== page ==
The Supreme Court was “surprised” at the Delhi High Court discussing UAPA (Unlawful Activities Prevention Act) at the length they did even as they didn’t interfere with the latter granting bail to three Delhi riots accused activists.
The Supreme Court would hear the matter next month as it issued notices to the activists and stressed that the Delhi High Court order, meanwhile, could not be used as a precedent for other cases.
Listening to a SLP from Delhi Police, the Supreme Court said on Friday: ”The release of respondents (accused) will not be interfered with at this stage. It will be subject to the final order… What is troubling us is that 100 pages have been written by Delhi HC in bail order discussing entire UAPA,”
“ (It was) something very surprising, we agree. There are many questions that arise. The issue is important and can have pan-India ramifications. We would like to issue notice and hear the other side.”
The Delhi High Court stuck to its order to grant bail to three activists—Natasha Narwal, Devangana Kalita, Asif Iqbal Tanha—who were accused of conspiracy over the Delhi riots which left 53 dead and over 200 injured. The three activists were charged under the UAPA.
Delhi Police had used very harsh words against the Delhi High Court on it granting bail to the three activists. Delhi Police said the High Court had “conducted a mini-trial…and recorded perverse findings which are contrary to the record.”
In granting the bail, the Delhi High Court had said that “dissent” is not “terrorism” and that in “their anxiety to suppress the dissent”, the Government has “blurred this line.”
Delhi Police found it insinuating, “albeit unfounded and perverse” that the Delhi High Court found Government’s hand in the case. It accused the honourable judges of having “completely lost sight of the evidences and statements which were produced.” And that the Delhi High Court was reviewing bail petitions only—and instead “conducted a mini trial.”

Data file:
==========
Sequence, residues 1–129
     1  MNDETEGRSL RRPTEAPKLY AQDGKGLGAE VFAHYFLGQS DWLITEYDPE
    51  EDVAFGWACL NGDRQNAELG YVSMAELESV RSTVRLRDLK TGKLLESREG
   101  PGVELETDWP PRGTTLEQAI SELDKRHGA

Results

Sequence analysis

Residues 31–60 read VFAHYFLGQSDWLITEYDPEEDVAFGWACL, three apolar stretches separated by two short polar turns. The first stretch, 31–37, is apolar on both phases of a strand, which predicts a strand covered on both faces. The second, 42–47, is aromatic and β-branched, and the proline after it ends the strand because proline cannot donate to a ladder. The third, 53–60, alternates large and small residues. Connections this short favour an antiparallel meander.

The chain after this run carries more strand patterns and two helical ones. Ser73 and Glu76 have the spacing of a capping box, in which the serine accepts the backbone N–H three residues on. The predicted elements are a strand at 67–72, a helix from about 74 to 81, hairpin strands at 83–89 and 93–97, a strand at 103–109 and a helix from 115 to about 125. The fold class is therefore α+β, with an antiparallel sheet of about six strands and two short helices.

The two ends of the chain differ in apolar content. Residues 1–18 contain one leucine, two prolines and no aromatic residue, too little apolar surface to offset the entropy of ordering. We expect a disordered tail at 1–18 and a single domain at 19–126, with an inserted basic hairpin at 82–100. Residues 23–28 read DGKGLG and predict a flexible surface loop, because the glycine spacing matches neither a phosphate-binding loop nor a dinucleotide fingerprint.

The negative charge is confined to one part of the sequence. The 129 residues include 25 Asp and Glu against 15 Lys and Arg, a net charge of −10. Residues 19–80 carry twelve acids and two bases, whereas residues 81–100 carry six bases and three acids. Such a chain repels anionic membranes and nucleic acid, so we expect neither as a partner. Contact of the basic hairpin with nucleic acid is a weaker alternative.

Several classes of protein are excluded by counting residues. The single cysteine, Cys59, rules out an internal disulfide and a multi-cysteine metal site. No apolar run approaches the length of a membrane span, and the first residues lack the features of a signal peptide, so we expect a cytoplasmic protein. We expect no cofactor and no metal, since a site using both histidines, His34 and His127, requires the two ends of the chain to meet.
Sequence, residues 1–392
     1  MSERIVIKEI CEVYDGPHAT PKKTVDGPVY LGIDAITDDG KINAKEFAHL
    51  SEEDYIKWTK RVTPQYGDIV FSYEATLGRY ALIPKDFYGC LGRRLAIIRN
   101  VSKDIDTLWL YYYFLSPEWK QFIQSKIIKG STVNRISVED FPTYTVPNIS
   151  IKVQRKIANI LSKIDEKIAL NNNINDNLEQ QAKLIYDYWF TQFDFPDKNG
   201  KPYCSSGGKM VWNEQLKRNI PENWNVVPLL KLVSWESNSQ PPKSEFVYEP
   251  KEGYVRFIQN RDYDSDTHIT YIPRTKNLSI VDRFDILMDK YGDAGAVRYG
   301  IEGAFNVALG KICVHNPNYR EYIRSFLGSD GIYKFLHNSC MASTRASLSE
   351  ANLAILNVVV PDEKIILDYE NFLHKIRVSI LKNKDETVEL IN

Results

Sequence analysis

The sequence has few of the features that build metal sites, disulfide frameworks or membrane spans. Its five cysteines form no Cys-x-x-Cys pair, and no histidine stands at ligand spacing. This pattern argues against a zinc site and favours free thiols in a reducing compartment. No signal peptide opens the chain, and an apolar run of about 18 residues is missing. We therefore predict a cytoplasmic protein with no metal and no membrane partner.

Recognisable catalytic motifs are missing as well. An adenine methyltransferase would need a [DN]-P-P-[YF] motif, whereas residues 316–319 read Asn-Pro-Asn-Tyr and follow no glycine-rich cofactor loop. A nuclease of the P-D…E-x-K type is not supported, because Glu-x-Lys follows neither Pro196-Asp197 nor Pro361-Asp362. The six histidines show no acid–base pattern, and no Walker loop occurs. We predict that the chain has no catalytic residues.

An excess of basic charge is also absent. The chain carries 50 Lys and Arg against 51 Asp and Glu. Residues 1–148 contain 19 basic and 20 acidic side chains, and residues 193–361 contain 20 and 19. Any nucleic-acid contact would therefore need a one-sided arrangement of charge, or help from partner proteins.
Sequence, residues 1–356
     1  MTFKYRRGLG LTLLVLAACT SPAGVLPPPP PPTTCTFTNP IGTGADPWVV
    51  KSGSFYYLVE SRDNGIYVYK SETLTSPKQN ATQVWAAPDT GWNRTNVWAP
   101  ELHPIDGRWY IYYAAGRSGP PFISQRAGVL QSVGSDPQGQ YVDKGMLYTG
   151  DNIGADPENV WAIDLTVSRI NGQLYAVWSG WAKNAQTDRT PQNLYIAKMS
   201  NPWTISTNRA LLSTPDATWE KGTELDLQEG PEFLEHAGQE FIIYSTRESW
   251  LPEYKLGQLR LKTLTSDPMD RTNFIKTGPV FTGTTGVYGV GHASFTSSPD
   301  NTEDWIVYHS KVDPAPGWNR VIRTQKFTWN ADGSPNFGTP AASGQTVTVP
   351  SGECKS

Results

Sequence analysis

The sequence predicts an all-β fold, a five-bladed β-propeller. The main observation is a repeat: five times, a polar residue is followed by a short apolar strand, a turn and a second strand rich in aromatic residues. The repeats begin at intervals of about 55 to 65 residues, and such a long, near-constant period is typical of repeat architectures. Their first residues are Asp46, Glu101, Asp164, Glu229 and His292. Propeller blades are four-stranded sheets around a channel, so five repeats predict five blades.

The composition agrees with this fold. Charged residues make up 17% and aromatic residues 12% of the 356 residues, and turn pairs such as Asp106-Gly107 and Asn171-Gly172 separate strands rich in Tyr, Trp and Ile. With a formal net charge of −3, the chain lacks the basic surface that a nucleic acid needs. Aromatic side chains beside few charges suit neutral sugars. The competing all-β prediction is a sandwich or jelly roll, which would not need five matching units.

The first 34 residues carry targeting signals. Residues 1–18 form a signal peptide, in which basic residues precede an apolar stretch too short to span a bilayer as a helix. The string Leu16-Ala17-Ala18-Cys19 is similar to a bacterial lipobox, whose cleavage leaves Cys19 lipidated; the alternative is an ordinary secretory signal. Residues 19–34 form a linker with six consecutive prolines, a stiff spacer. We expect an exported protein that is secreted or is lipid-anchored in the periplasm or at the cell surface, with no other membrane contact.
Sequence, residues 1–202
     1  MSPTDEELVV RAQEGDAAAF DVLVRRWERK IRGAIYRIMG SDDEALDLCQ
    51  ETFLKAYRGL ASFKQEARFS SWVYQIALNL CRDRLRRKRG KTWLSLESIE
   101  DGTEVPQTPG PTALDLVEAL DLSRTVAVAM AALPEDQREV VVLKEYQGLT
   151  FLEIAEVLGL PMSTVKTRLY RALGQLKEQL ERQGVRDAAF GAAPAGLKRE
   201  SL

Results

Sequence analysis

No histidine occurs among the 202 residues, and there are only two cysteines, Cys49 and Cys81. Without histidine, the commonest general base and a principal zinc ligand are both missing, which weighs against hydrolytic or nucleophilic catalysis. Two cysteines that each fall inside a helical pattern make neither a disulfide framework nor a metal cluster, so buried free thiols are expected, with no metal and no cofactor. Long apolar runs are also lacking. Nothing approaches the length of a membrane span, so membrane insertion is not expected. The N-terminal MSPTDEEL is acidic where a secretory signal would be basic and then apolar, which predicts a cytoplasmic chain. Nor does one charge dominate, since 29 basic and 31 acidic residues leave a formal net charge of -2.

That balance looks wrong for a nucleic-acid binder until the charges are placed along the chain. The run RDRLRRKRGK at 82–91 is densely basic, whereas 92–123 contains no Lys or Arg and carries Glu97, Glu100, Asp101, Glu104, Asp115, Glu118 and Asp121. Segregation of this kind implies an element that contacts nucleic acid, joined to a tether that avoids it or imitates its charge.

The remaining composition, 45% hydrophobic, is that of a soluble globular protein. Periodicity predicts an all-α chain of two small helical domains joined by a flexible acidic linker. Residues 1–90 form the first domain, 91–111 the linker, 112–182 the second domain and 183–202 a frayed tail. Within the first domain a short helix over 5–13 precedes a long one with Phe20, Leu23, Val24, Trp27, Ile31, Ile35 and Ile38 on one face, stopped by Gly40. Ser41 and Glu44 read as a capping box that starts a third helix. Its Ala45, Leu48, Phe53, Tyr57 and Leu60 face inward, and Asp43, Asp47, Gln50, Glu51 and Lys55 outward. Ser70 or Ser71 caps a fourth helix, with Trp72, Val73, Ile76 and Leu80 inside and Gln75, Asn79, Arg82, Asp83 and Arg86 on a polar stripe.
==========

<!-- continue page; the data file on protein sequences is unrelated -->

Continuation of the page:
Delhi Police accused the Delhi High Court of “discarding the evidences which clearly made out a sinister plot of mass-scale riots being hatched by the respondent along with other co-conspirators.”
At today’s hearing Delhi Police asked the Supreme Court to “stay the (High Court) order because (it) virtually records the acquittal of the accused” and others would seek bail using this as precedent.
“53 died and many were police officers… 700 were injured. The court says riots were controlled so UAPA is not applicable… How can the intensity of the offence be diluted?” Delhi Police asked.
“(Delhi) High Court watered down UAPA (and) it had been turned upside down,” Delhi Police claimed.
On Thursday, the three student activists were granted bail on personal bonds of Rs 50,000 and had been asked to surrender their passports. While challenging the bail granted by Delhi HC, the police said that the orders were given “without any foundation and appears to be based more on the social media narrative than the evidence gathered and elaborated in the charge sheet”.